New Boy Scout leaders are often surprised when they hear the BSA’s mission statement for the first time: “The mission of the Boy Scouts of America is to prepare young people to make ethical and moral choices over their lifetimes by instilling in them the values of the Scout Oath and Law.”
It’s safe to say that most Scouters spend more time teaching knot tying and Dutch-oven cooking than ethical decision-making. That’s unfortunate. While lots of Scouts will undoubtedly use their Scoutcraft skills as adults, every single one of them will face ethical choices. We need to help them get ready.
A good way to do that is to allow and encourage your Scouts to make frequent decisions—from simple decisions like picking a campout dessert to complex decisions like choosing which trail to take at a backcountry crossroads. Unless health or safety becomes an issue, don’t veto your Scouts’ decisions. Instead, let them learn from their mistakes.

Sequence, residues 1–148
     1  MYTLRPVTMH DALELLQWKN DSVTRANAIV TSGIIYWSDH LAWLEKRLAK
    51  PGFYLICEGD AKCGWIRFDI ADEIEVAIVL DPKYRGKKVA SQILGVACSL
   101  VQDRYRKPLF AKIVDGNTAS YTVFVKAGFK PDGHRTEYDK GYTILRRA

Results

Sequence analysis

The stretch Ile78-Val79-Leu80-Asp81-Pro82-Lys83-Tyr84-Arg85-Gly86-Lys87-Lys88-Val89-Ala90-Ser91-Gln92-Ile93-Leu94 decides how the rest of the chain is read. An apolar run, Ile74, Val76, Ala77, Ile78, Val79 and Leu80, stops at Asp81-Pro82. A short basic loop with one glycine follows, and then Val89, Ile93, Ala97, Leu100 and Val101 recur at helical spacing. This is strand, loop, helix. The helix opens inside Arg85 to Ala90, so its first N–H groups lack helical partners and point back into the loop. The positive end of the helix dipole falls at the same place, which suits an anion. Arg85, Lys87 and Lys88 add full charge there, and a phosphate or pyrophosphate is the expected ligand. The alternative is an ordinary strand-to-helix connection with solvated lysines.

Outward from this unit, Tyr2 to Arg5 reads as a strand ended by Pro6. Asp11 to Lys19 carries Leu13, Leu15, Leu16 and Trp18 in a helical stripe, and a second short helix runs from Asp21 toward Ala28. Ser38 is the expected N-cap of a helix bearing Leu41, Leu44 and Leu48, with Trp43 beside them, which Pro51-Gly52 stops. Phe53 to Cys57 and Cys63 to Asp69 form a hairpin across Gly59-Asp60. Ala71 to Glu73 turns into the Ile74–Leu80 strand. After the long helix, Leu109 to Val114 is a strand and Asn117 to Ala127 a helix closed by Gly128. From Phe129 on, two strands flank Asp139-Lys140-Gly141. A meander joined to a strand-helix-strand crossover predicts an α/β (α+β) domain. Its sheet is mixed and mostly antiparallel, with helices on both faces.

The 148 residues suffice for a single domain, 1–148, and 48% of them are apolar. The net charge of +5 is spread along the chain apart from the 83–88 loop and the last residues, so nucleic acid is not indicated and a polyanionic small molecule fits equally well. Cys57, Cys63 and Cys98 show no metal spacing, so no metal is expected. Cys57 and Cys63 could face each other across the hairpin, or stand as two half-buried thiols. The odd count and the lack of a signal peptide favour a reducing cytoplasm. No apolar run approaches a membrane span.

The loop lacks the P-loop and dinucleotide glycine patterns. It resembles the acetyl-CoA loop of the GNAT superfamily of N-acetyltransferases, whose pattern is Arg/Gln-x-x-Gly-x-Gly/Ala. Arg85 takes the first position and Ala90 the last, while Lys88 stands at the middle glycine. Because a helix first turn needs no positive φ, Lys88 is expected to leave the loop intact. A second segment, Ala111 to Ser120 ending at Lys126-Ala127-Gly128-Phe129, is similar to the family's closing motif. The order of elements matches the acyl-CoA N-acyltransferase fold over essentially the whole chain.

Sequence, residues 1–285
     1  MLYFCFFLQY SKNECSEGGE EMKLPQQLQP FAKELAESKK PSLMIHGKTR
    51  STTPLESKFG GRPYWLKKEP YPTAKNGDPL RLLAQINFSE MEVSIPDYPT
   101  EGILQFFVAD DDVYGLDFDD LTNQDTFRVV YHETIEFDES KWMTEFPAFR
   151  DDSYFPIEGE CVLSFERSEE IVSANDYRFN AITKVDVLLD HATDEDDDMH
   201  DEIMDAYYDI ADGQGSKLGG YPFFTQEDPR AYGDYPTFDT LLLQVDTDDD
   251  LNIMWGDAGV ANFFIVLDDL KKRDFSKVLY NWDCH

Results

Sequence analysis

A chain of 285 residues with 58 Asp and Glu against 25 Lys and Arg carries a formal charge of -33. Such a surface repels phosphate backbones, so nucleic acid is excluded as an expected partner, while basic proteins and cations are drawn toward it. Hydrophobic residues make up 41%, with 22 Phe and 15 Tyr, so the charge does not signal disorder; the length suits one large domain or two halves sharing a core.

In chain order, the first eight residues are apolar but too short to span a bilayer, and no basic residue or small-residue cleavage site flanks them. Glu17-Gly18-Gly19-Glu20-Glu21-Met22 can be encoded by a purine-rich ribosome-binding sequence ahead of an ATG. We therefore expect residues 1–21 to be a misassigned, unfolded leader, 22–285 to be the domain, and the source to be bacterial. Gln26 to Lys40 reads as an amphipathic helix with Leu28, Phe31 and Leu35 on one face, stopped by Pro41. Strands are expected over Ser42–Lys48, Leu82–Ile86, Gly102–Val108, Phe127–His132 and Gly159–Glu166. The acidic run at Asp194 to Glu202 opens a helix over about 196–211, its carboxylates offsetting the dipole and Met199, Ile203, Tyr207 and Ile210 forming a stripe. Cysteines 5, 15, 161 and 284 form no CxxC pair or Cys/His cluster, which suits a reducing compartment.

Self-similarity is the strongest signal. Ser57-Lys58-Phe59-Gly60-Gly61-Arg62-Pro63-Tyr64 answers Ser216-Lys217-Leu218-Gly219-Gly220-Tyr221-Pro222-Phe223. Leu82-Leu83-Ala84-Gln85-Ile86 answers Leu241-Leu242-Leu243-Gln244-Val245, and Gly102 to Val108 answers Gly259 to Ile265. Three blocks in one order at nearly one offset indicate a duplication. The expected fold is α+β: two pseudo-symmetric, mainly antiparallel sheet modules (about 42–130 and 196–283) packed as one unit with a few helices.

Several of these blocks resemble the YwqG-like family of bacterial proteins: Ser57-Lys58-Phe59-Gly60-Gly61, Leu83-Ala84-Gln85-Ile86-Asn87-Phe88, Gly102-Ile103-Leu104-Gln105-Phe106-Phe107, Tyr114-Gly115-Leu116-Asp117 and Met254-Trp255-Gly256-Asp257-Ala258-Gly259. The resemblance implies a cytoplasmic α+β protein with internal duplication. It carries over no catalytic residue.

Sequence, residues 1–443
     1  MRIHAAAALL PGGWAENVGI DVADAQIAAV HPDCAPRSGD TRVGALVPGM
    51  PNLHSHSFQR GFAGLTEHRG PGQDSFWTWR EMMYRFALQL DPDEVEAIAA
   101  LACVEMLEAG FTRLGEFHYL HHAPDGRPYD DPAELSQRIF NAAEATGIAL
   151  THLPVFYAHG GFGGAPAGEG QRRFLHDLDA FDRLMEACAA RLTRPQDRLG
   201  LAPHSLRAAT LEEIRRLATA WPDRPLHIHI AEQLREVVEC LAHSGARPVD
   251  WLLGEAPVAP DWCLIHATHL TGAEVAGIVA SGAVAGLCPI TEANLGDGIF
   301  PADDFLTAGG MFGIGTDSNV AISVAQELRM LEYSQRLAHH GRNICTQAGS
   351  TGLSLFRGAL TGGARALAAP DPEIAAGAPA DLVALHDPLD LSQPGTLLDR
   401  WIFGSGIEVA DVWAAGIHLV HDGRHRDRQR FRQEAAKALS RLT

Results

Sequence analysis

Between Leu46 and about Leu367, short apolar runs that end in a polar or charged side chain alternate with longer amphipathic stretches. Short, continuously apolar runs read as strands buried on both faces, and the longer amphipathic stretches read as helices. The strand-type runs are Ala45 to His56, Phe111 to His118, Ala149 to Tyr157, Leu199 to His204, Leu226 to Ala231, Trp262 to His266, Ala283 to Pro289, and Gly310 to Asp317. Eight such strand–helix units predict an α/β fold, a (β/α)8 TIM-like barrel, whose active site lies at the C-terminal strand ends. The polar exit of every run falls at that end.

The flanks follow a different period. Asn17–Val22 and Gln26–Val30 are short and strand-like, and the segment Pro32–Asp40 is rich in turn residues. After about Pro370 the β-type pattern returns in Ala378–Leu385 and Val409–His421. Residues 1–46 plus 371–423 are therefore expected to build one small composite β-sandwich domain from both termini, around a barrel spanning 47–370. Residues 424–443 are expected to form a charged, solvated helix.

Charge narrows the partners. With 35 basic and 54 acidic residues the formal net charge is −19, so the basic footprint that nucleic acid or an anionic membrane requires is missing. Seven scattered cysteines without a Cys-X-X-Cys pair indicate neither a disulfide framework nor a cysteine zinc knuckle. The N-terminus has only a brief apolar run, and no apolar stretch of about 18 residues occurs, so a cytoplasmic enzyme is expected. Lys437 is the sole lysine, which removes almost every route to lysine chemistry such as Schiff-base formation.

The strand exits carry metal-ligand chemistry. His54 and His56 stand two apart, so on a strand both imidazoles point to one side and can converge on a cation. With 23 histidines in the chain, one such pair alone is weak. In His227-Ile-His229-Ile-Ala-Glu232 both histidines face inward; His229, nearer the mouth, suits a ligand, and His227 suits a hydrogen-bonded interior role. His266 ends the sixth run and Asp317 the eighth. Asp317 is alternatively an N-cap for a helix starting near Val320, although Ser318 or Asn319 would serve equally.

It’s also a good idea to role-play ethical decision making, presenting real-life scenarios and challenging Scouts to make tough choices. Try to avoid obvious right-vs.-wrong situations, where Scouts will know the right answer and tell you what you want to hear. (I call these Sunday-school answers because my church kids give them to me all the time.) Instead, invent right-vs.-right and wrong-vs.-wrong situations, where there’s no easy solution.
A good source for ideas is my regular Ethics column in Scouting magazine. Each installment sets up an ethical dilemma (often related to Scouting) and offers a series of discussion questions you or an older Scout can use. Another good source is the DELTA Handbook. This book is now out of print, but you can access it online at http://pinetreeweb.com/delta-hb.htm.
Like knot-tying and Dutch-oven cooking, decision-making isn’t a skill we’re born with. That’s why we Scouters need to teach it. In fact, you might say that’s our mission.